Radio show is its own startup story.

Author:Taylor, Mike
Position:SMALL biz

Rob McNealy is a former tech programmer and project manager who went back to school for an MBA after being laid off three times in 12 months at the turn of the millennium.

Yet even when he was a working stiff in corporate America, McNealy moonlighted as an entrepreneur. As far back as 1996 he mined the Internet space with a Web consultancy and an online auction site--two failures the 35-year-old father of three is not reluctant to talk about.

That candidness has proved a valuable trait in McNealy's latest venture, "Startup Story Radio," which he hosts every Saturday from noon to 1 p.m. on KKZN AM 760.

Since launching the show back in July, McNealy has found that lining up guests is a lot easier than lining up advertisers. Guests have included "eMyth" author Michael Gerber, former A1 Gore speech writer and "Free Agent Nation" author Dan Pink, venture capitalist Brad Feld, Denver Mayor John Hickenlooper, Hawaiian Tropic founder Ron Rice and a steady stream of area entrepreneurs.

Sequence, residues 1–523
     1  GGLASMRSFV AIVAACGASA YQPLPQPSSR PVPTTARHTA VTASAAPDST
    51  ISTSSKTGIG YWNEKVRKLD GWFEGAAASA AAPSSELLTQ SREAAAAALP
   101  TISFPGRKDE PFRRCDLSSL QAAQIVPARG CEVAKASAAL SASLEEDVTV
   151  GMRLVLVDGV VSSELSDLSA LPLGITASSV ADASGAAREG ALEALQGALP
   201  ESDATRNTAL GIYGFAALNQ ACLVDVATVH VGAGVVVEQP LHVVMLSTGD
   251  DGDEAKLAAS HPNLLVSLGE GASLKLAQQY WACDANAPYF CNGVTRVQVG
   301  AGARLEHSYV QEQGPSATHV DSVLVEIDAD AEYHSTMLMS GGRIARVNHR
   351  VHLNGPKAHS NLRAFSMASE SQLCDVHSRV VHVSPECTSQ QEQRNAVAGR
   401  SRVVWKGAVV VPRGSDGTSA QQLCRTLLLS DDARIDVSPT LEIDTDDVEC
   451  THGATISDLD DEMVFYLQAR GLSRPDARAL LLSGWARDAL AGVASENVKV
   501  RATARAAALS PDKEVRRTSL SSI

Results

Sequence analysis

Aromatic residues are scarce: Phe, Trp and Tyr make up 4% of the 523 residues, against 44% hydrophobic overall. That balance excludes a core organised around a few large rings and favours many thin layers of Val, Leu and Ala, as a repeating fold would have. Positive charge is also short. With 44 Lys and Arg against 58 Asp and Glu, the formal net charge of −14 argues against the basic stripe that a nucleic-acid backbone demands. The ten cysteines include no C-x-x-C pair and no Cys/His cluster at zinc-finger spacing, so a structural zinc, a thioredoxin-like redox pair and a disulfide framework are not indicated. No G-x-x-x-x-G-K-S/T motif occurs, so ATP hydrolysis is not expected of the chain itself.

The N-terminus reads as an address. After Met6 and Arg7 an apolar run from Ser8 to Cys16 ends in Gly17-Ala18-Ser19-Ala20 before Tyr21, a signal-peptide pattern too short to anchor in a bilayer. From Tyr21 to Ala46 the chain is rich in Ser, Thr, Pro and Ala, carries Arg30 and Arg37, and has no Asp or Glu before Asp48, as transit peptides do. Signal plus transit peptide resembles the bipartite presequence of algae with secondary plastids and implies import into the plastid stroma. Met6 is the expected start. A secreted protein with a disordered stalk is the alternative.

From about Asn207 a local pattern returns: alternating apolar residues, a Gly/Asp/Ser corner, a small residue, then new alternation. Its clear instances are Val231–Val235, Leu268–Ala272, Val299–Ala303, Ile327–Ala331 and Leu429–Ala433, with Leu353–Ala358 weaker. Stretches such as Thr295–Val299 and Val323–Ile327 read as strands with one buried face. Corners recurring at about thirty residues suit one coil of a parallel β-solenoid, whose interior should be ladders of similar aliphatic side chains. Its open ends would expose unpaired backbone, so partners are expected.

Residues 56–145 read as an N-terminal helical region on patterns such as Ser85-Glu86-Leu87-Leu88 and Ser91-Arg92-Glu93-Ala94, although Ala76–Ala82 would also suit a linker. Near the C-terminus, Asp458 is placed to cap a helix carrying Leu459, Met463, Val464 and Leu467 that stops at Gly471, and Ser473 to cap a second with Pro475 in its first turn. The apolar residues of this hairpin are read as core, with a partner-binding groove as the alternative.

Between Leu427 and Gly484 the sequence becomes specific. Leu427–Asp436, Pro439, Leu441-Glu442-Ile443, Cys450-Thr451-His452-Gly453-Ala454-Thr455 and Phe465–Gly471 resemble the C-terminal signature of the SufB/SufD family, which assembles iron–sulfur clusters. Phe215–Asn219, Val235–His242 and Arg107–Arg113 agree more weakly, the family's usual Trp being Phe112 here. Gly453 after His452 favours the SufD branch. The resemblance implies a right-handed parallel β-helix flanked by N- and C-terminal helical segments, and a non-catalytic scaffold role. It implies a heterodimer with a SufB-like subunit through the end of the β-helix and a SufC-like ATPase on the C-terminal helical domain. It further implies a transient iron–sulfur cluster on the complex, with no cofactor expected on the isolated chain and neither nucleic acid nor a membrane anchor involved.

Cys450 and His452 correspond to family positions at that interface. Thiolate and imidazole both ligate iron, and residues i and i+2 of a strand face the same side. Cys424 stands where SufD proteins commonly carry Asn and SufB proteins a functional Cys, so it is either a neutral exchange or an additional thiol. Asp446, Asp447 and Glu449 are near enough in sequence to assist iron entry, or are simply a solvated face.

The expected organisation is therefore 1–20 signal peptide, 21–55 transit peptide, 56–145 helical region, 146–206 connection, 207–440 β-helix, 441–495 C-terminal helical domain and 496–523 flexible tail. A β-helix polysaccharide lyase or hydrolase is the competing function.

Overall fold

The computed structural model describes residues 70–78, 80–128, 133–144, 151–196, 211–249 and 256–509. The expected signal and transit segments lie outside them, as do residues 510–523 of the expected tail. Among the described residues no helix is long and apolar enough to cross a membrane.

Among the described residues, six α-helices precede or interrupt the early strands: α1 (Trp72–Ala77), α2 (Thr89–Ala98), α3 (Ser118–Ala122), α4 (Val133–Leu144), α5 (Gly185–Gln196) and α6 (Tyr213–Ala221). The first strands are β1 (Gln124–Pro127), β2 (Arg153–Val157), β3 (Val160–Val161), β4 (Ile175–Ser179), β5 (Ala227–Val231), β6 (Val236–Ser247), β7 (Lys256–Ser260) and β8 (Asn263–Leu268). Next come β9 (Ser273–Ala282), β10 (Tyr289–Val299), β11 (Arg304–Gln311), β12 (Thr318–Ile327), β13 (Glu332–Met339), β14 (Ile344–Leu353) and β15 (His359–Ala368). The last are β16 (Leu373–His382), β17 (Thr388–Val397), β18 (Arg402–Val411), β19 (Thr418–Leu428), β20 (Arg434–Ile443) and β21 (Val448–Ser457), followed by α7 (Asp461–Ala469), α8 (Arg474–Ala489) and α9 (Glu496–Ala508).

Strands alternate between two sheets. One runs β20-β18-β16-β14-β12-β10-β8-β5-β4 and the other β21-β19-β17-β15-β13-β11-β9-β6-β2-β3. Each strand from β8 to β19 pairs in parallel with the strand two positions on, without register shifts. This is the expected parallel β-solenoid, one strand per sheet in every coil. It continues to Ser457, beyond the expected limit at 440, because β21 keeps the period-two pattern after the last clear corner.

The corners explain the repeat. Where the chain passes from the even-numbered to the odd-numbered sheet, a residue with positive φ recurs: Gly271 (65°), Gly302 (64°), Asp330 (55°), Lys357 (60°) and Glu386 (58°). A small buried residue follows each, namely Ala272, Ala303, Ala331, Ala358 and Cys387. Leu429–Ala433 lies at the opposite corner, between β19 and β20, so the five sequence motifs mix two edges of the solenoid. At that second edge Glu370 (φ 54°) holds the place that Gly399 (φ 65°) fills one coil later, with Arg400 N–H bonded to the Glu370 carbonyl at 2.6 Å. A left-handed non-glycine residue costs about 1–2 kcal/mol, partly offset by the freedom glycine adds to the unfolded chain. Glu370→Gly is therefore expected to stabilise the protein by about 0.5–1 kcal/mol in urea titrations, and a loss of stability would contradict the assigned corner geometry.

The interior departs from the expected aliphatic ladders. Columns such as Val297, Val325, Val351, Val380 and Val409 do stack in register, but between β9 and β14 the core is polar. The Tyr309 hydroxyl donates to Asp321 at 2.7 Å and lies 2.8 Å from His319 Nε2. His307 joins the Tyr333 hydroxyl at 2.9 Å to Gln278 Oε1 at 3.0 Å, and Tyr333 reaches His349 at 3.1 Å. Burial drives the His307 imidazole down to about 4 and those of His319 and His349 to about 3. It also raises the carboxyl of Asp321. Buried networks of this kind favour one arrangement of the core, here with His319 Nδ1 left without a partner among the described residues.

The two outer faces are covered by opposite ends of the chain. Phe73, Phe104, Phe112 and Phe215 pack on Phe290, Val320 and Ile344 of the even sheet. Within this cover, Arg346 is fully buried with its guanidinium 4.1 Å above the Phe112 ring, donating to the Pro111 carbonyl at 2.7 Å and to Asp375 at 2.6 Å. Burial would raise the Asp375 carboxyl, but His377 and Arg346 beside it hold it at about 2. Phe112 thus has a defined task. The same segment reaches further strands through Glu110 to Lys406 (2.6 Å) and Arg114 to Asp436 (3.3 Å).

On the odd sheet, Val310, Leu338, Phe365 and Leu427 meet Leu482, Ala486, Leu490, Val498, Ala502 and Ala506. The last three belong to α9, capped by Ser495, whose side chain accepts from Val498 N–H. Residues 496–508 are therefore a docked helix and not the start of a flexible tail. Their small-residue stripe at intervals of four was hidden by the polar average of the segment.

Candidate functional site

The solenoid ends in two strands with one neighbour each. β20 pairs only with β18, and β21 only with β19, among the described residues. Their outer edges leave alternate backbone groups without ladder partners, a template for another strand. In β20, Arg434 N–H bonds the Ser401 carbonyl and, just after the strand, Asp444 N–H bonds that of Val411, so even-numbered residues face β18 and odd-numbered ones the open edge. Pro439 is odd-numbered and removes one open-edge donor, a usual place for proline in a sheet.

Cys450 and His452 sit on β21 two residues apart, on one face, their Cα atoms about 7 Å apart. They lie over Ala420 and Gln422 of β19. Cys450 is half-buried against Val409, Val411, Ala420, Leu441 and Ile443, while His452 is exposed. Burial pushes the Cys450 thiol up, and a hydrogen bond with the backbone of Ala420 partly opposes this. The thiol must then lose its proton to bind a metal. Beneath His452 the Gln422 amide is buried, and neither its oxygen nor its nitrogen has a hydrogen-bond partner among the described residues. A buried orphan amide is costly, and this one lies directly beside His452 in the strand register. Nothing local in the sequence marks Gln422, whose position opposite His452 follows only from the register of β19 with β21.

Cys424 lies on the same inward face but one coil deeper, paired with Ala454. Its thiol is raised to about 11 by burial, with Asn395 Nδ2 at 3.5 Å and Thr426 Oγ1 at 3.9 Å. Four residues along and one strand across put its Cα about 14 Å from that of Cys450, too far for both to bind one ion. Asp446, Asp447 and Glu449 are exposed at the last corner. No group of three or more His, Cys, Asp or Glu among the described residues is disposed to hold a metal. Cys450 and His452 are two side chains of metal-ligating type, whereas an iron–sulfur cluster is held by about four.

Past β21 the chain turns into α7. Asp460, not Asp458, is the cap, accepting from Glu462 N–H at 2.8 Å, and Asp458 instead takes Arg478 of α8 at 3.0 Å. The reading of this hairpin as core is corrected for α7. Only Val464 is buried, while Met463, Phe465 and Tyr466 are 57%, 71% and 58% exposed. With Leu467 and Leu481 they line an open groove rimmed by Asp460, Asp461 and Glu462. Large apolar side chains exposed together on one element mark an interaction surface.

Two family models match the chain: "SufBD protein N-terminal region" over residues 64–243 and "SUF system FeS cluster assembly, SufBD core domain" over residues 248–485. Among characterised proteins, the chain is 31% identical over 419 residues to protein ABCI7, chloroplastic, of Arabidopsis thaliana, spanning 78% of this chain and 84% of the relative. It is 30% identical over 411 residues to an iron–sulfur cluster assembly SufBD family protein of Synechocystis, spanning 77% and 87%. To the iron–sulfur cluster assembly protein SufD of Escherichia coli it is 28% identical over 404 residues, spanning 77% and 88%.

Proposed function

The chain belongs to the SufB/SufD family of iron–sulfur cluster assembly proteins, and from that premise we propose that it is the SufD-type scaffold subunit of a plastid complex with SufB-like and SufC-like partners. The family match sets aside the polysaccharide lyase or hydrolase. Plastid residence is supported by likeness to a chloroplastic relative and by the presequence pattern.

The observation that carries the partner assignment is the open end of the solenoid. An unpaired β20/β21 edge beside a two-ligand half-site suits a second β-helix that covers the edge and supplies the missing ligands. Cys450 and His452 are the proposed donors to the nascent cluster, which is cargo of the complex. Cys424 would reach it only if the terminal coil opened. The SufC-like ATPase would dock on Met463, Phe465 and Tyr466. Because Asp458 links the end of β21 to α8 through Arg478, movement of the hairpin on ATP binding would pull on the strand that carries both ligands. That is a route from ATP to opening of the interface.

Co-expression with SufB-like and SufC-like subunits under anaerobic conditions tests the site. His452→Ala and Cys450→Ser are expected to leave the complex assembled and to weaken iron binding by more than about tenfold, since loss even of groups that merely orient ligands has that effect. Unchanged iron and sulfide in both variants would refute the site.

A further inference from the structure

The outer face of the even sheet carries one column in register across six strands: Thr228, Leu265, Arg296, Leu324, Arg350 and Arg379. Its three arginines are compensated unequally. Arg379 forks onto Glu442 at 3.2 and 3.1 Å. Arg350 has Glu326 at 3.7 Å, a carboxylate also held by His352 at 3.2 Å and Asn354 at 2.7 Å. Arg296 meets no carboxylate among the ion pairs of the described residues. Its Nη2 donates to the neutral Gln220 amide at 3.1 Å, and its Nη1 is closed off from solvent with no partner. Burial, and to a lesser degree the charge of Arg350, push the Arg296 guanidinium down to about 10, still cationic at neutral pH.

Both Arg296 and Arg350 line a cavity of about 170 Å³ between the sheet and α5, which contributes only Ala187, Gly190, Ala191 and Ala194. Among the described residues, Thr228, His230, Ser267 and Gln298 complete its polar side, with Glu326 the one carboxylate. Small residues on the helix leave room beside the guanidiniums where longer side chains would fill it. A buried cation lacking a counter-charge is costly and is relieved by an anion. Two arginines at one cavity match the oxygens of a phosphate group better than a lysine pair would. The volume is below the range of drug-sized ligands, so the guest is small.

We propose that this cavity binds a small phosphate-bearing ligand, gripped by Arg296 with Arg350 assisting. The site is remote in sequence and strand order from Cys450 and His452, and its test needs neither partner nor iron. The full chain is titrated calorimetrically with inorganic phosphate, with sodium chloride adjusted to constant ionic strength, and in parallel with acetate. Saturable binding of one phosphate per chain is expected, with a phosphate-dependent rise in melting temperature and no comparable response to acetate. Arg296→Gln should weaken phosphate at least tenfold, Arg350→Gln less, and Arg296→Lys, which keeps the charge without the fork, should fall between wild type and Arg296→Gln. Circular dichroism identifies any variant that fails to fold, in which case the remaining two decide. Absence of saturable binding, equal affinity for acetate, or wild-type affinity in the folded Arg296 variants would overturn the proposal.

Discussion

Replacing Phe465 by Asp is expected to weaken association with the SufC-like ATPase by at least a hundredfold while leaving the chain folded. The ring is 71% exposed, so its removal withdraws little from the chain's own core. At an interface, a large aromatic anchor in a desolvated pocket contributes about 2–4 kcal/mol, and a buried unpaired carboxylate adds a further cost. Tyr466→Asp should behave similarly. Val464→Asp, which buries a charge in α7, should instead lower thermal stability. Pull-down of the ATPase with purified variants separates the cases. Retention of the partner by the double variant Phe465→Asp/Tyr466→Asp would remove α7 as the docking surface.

The show evolved from one of McNealy's business successes, Natural Wood Floors LLC, which he launched three years ago to fund yet another startup, a night-vision-system company for yachts.

"I pulled the plug on it about two years ago," McNealy says of the marine-electronics company. "But the flooring business took off."

McNealy started out advertising his flooring business on Tom Martino's "Troubleshooter" radio show on KHOW 630 and landed the job of finishing Martino's hardwood flooring on a house expansion. He became enamored with radio after he saw Martino's home studio, and he approached radio conglomerate Clear Channel with the idea of launching a show dedicated to budding entrepreneurs.

"They said, 'Sure, we'll take your money,'" McNealy says.

He started out at KHOW but quickly decided the $1,200 per hour rate was too much, so he moved to Clear Channel's KKZN in favor of its $600 to $800 hourly rate.

"At this point, I'm shelling out about three grand a month to run the show," he says. "I run my flooring-business ads during my show, so I can justify the write-off." But he adds, "I would rather spend my time running around trying to get good guests rather than spending my time running around trying to get sponsors."

McNealy says the liberal slant of KKZN has helped put him in touch with the Boulder entrepreneurial community, which he...

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